The body-builder-turned-governor recently attacked “girlie men”. He was referring to state legislators who, in his view, were too cowed by vested interests—particularly trade unions and trial lawyers—to do the decent thing and vote for his budget. Politically correct California immediately slammed the governor for homophobia and indifference to the transgendered community, among other sins. But Arnie had put his finger on a debate at the heart of this election: who are the real men and who are the girlie men?

The Republicans are determined to paint Mr Kerry as a Frenchified wimp in macho garb (the Botoxed Brahmin even opposes the death penalty, for Pierre's sake).


And that settles that.

Except there is little difference.  Kerry is much like Bush.


Both Messrs Kerry and Bush are products of a preppie establishment that once put a premium on the manly virtues of athleticism and civic leadership. Mr Kerry shone at soccer and hockey at St Paul's and Yale, and once tried to fly a plane under the Golden Gate bridge. Mr Bush was a sports-loving frat boy who partied hard and regarded academics as wimps. Both men are devotees of hunting, shooting and fishing. Neither is particularly at home with Mr Clinton's metrosexual buddies.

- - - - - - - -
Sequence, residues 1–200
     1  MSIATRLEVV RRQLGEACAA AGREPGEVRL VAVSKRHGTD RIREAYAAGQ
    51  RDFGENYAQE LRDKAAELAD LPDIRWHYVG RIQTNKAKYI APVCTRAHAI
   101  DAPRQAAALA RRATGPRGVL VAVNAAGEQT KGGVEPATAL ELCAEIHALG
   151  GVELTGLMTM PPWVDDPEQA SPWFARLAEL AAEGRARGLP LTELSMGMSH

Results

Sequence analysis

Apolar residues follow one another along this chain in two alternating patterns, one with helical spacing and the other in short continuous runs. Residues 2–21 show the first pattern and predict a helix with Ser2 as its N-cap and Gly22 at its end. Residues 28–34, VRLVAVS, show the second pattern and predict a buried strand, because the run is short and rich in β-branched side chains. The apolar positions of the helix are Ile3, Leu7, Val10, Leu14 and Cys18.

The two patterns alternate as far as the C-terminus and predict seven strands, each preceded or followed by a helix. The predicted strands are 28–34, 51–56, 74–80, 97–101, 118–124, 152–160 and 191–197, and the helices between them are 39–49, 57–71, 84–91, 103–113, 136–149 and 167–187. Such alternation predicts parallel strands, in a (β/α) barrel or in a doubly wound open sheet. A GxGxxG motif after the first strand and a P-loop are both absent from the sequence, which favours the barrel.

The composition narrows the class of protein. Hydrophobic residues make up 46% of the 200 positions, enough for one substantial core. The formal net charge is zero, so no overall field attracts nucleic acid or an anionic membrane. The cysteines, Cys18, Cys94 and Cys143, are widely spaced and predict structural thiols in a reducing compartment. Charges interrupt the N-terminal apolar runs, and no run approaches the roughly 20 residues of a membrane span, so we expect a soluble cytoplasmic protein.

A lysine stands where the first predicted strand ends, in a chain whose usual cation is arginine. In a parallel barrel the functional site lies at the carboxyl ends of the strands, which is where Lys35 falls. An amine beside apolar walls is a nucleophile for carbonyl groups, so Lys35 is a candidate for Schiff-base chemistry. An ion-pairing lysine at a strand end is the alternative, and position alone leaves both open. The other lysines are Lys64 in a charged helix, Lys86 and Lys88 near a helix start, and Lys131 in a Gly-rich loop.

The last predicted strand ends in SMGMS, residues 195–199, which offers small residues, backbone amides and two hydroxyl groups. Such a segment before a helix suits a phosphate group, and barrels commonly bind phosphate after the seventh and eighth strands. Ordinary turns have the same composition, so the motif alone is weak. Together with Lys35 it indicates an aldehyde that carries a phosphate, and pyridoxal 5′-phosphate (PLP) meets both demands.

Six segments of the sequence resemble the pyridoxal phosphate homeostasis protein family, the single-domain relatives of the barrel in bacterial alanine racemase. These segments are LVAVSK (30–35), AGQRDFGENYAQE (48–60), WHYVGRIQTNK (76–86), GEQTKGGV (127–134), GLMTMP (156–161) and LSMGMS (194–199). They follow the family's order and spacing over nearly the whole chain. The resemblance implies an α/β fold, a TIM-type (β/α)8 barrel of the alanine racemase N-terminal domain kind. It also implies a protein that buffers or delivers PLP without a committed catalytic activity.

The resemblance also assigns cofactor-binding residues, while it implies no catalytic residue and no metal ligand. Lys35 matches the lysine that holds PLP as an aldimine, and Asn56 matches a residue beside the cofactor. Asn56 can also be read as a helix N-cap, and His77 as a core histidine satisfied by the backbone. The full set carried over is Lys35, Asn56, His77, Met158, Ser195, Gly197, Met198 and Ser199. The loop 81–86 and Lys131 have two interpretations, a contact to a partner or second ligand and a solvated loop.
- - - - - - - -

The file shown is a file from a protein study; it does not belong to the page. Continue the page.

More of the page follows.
Moreover, they are vying for leadership of a country that, for all the quibbles, is reconciled to the exercise of “hard” military power…

… Robert Kagan, argued that “America is from Mars and Europe is from Venus”. The American half of that will remain true whoever wins the White House on November 2nd.


No girly-men metrosexuals allowed any longer.


Copyright 2003, 2004, 2005, 2006 - Alan M. Pavlik